Advanced search

Checking radiators for a leak

(12 Posts)
Prudence99 Tue 11-Oct-16 16:16:48

The pressure on my 4 year old Worcester Bosch combi is on all over the place.

It is reading 0 when the boiler is switched off and varies between 1 and 3 when switched on. I think the 3 may be because I overpressurised it! I wasn't sure what to do so went outside and I noticed that the little copper pipe that goes out through the kitchen wall to the outside had started dripping, every 3 seconds. I'm not entirely sure how much water eventually came out of it because it was dark and raining.

After a short while I noticed the pressure starting to fall on the pressure gauge and it went down eventually to about 1 and a half. Today pressure is again at 0, I haven't switched it on yet.

I'm now wondering if I have a leak in the radiators. Is it best to have the central heating running so the radiators are hot or is it best to check the joints and valves (or whatever your call them) when the radiators and cold?

I can't think of any other reason why the pressure gauge reads 0 when switched off.

Many thanks.

johnd2 Tue 11-Oct-16 16:33:39

Sounds like your expansion vessel has either lost pressure or just broken. You'll need a gas engineer to check it.
The expansion vessel is basically a pressurised balloon to let the water expand as it heats up. If there is no pressure then it will just be full of water and nowhere to expand, and if the balloon has burst there will be water on the wrong side.

Prudence99 Tue 11-Oct-16 16:47:35

Hi, thanks for your reply.

I switched the boiler on about 20 minutes ago to see what would happen. Pressure gauge is now registering 2 and all radiators working. Is it safe to have it on or is it likely to blow up?

johnd2 Tue 11-Oct-16 16:55:38

Shouldn't blow up as the safety valve will let any over pressure out. However it's not good in the long term to run it like that.

Prudence99 Tue 11-Oct-16 16:59:05

That's reassuring anyway about it not blowing up. Have a service booked in but not until beginning of November as that was the first available date.

Thanks again.

johnd2 Tue 11-Oct-16 16:59:20

You can top it up to get it to start up, and it will release the over pressure when it warms up through the pipe you saw outside.
To reduce the wear on the system I'd turn the radiator water temperature control on the boiler down as much as you can, turn off any radiators you don't need, and turn the heating on and off as little as possible. Then it's less likely to need topping up and releasing the pressure.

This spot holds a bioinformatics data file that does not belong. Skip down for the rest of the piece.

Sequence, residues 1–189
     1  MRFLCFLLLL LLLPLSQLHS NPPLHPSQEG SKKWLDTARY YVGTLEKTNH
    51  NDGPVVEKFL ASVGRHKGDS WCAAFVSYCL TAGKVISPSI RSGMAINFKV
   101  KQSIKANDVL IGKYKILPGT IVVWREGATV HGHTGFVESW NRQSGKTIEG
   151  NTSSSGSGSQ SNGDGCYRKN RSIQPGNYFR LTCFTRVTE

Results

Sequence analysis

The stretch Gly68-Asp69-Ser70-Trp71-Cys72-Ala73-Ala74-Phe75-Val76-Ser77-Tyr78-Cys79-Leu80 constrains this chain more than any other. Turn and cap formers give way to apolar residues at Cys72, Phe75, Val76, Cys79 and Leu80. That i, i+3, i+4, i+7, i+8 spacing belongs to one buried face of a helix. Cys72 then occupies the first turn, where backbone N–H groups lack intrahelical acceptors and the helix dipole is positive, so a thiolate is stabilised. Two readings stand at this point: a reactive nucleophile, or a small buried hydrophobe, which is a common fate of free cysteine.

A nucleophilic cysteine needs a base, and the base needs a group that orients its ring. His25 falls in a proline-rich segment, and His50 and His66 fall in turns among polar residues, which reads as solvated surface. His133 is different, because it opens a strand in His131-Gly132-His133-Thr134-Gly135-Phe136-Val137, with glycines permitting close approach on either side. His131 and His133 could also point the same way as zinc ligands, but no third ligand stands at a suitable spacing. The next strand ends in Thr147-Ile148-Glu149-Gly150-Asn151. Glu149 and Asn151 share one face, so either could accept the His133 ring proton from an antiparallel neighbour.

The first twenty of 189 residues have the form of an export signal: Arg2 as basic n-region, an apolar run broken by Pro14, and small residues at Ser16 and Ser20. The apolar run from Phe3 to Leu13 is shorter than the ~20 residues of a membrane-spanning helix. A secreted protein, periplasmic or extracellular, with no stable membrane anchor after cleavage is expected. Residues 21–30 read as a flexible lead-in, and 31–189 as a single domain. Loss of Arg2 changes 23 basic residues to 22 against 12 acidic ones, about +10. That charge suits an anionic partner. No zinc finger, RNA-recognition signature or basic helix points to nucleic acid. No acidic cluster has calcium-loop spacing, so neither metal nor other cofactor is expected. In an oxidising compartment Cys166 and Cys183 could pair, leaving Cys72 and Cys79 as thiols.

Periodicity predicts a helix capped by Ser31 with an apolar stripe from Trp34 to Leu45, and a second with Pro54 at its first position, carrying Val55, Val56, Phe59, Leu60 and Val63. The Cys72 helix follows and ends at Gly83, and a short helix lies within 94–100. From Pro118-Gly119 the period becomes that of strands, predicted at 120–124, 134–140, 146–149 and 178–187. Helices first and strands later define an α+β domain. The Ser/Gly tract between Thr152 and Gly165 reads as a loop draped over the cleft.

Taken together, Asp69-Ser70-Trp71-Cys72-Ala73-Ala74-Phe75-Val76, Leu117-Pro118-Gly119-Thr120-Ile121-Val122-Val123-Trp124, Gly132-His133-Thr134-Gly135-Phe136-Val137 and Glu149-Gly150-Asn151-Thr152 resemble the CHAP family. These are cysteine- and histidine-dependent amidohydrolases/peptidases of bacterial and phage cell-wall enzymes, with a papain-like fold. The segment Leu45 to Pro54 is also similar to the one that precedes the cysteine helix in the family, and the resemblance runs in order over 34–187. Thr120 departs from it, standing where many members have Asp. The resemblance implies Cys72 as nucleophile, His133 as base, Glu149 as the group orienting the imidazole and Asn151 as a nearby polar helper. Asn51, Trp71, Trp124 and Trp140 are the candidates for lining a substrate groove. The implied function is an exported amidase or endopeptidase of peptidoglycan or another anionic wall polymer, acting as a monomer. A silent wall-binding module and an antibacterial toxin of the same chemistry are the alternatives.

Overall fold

Prudence99 Tue 11-Oct-16 17:05:42

It's up and running at the moment, but I didn't repressurise it today and the gauge is on 2. Should I switch the boiler off and repressurise some more?

johnd2 Tue 11-Oct-16 19:32:42

No if it's working then leave it as it is. Just get someone to look at it as soon as they have time.

fuzzyduck1 Thu 13-Oct-16 10:08:38

Have you bled air out of the radiators? Air will expand greater than water which will mean a greater pressure in the system.
So blead the radiators before putting more water into it.

PigletJohn Thu 13-Oct-16 12:59:04

if the pressure goes substantially up when hot and substantially down when cold, it's your expansion vessel. If it has not been serviced in several years it might just need pumping up. Otherwise it will need a new one (not very expensive). You need a boiler mender.

If the maker's vessel inside the boiler is expensive or unobtainable, you can have an external one fitted anywhere on the pipework. It is a bit unsightly so if you can have it fitted in the boiler cupboard it will be neatest.

The longer you leave it, the colder the weather will be, and the busier the menders. No-one bothers calling them until it gets cold.

PigletJohn Thu 13-Oct-16 13:00:23


don't bleed air out until you've had it mended. Air is compressible so will take up some of the expansion.

johnd2 Thu 13-Oct-16 16:31:23

Actually that's a good point, if you're handy, you can make a temporary expansion vessel by draining a radiator and not bleeding it but leaving it on, then the air will act like an expansion cushion.

Join the discussion

Join the discussion

Registering is free, easy, and means you can join in the discussion, get discounts, win prizes and lots more.

Register now